Skip to content
Low-level profiling for node.js: squeeze those microseconds
Branch: master
Clone or download
Fetching latest commit…
Cannot retrieve the latest commit at this time.
Permalink
Type Name Latest commit message Commit time
Failed to load latest commit information.
docs
lib
.gitignore
.jshintrc
.travis.yml
LICENSE
README.md
index.js
package.json
test.js

README.md

Build Status

NPM

microprofiler

Low-level profiling for node.js: squeeze those microseconds!

Microprofiler allows you to measure performance of your code down to the level of the microsecond, allowing micro-optimizations that are unfeasible any other way.

Instead of blind profiling your entire code, insert probes whenever needed and measure only at interesting points.

Installation

Simply install from npm:

$ npm install microprofiler

Or add to your package.json as a dependency.

Usage

The library has been designed to be dead simple to use. First require use of microprofiler:

var microprofiler = require('microprofiler');

Locate a portion of code you want to measure. Insert a measurement before it starts:

var start = microprofiler.start();

The function microprofiler.start() is simply an alias to process.hrtime(), which returns time with nanosecond precision.

To simply measure the number of microseconds elapsed in the block of code, insert a call to measureFrom() passing only the start:

var elapsedUs = microprofiler.measureFrom(start);

Optionally you may want the microprofiler to keep track of time, then pass a key as the optional second parameter:

microprofiler.measureFrom(start, 'code');

To show current stats for a given key on demand, use microprofiler.show():

microprofiler.show('code');

A line similar to this will be shown:

[Tue Mar 04 2014 01:40:17 GMT+0100 (CET)] INFO Profiling code: 1000 requests, mean time: 105.76 µs, rps: 9455

Even simpler, you can also pass an optional number of requests after which stats will be shown:

microprofiler.measureFrom(start, 'code', 1000);

Now the stats will be shown automatically after 1000 requests.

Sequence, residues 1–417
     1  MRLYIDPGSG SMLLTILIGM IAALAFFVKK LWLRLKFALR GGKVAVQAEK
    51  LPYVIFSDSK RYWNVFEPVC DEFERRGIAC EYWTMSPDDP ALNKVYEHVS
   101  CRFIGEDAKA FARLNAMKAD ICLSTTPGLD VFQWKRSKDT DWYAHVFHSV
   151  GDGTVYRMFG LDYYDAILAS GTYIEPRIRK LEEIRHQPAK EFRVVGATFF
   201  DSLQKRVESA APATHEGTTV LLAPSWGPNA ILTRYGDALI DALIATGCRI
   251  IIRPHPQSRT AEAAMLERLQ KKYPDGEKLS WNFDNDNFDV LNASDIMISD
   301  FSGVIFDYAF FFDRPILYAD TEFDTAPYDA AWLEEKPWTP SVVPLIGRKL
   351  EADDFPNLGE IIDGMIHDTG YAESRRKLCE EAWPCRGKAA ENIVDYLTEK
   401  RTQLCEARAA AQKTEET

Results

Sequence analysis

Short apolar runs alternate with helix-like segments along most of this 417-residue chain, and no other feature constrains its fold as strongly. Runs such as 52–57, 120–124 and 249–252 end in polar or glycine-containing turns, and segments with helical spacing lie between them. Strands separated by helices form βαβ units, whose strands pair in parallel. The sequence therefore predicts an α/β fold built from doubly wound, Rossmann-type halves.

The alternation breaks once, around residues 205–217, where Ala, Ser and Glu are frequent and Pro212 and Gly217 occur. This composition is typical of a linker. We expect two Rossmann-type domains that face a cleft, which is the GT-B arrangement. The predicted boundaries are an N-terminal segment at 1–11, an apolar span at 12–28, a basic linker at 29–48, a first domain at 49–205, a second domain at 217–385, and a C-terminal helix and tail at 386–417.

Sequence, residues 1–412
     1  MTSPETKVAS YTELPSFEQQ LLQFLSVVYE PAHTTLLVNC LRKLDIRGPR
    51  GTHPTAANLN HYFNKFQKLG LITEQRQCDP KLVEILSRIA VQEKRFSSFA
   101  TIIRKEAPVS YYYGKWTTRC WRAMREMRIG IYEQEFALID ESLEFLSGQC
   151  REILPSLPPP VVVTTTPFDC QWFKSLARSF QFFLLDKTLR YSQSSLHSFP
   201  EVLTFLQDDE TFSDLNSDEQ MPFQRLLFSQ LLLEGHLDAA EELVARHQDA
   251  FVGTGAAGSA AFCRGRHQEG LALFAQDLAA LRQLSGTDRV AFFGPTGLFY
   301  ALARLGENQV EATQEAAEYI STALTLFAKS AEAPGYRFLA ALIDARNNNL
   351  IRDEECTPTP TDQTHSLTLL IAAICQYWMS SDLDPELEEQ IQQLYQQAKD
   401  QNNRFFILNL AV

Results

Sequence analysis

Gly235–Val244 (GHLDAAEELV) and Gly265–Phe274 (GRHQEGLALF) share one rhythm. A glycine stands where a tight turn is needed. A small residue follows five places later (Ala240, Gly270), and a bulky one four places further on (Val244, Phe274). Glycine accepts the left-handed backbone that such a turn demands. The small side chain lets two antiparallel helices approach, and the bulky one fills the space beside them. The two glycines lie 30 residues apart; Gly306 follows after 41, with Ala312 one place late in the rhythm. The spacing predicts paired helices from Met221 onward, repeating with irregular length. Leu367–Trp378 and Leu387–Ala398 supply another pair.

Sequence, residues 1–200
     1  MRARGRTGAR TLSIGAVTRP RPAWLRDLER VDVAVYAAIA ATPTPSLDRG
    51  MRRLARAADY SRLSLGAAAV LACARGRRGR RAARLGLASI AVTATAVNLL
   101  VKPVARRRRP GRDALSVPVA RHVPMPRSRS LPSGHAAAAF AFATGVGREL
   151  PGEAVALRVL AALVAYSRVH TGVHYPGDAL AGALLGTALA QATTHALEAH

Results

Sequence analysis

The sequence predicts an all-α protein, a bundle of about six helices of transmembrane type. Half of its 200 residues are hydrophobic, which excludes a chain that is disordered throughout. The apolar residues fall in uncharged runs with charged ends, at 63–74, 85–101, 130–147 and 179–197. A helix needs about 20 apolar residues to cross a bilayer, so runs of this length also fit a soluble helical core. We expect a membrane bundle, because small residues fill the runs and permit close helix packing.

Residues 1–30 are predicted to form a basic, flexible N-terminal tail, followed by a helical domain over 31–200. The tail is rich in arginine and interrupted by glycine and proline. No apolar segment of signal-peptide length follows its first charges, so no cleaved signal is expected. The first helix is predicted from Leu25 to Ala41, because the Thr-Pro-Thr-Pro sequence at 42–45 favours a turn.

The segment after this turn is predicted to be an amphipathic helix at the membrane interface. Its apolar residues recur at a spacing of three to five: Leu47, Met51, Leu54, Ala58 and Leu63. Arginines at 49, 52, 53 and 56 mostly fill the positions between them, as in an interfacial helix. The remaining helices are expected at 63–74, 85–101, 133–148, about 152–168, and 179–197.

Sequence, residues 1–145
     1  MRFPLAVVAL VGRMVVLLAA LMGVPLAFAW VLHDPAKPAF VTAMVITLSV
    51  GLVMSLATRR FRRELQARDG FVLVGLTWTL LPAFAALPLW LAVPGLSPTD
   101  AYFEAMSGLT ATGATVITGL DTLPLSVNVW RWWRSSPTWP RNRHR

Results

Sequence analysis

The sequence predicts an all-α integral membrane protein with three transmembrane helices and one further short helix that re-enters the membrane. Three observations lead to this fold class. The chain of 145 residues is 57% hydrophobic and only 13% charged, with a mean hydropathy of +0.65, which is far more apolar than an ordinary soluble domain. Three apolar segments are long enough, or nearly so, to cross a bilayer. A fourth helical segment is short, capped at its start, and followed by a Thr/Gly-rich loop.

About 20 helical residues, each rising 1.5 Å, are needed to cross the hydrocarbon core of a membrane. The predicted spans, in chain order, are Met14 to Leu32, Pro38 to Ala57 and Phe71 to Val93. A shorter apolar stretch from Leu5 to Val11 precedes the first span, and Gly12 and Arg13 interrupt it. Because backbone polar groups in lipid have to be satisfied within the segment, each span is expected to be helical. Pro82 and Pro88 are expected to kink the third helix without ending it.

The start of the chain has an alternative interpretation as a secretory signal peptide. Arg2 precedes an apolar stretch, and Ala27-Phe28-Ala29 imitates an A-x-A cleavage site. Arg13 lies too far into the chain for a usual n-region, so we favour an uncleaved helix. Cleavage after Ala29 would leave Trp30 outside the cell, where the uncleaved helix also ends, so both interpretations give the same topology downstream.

That is really all there is to it. The functions above can be used in asynchronous code without problems.

Measuring Performance

Each measurement should take less about one microsecond to perform. (It would be better to have it take less than one microsecond, but just calling process.hrtime() twice takes longer than that so it is not possible.) The library is therefore accurate to within two microseconds.

Given that the impact of profiling is low but not zero, the whole module can be disabled with microprofiler.disable():

microprofiler.disable();

To get stats from your code just call microprofiler.getStats():

var stats = microprofiler.getStats('code');

It will return an object with current stats info, like this:

{
    "key":"code",
    "requests":10000,
    "timeUs":9193.090999999931,
    "meanTimeUs":"0.92",
    "rps":1087773
}

Example

Suppose we want to measure how long the following bit of code takes.

var string = '';
var total = 0;
for (var i = 0; i < 100; i++)
{
    string += i;
    total += parseInt(string);
}

We can just add a couple of lines before and after it:

var microprofiler = require('microprofiler');

var start = microprofiler.start();
... [profiled code goes here]
microprofiler.measureFrom(start, 'loop', 10000);

Now every time that code is executed a measure is taken and stored; after 10000 runs the microprofiler will show gathered results.

Multiple measurements can be taken:

var microprofiler = require('microprofiler');

var start = microprofiler.start();
... [first block of profiled code goes here]
microprofiler.measureFrom(start, 'first', 10000);
... [more profiled code]
microprofiler.measureFrom(start, 'second', 10000);
... [even more profiled code]
microprofiler.measureFrom(start, 'third', 10000);

Now two intermediate measurements are taken.

To run in a synthetic test just stick the whole thing in a second loop:

var microprofiler = require('microprofiler');
var rounds = 10000;

for (var index = 0; index < rounds; index++)
{
    var start = microprofiler.start();
    ... [profiled code goes here]
    microprofiler.measureFrom(start, 'loop', rounds);
}

It will run the code, profile it, and show the results at the end.

Also see the sample in the repo.

License

(The MIT License)

Copyright (c) 2013 Alex Fernández alexfernandeznpm@gmail.com

Permission is hereby granted, free of charge, to any person obtaining a copy of this software and associated documentation files (the 'Software'), to deal in the Software without restriction, including without limitation the rights to use, copy, modify, merge, publish, distribute, sublicense, and/or sell copies of the Software, and to permit persons to whom the Software is furnished to do so, subject to the following conditions:

The above copyright notice and this permission notice shall be included in all copies or substantial portions of the Software.

THE SOFTWARE IS PROVIDED 'AS IS', WITHOUT WARRANTY OF ANY KIND, EXPRESS OR IMPLIED, INCLUDING BUT NOT LIMITED TO THE WARRANTIES OF MERCHANTABILITY, FITNESS FOR A PARTICULAR PURPOSE AND NONINFRINGEMENT. IN NO EVENT SHALL THE AUTHORS OR COPYRIGHT HOLDERS BE LIABLE FOR ANY CLAIM, DAMAGES OR OTHER LIABILITY, WHETHER IN AN ACTION OF CONTRACT, TORT OR OTHERWISE, ARISING FROM, OUT OF OR IN CONNECTION WITH THE SOFTWARE OR THE USE OR OTHER DEALINGS IN THE SOFTWARE.

You can’t perform that action at this time.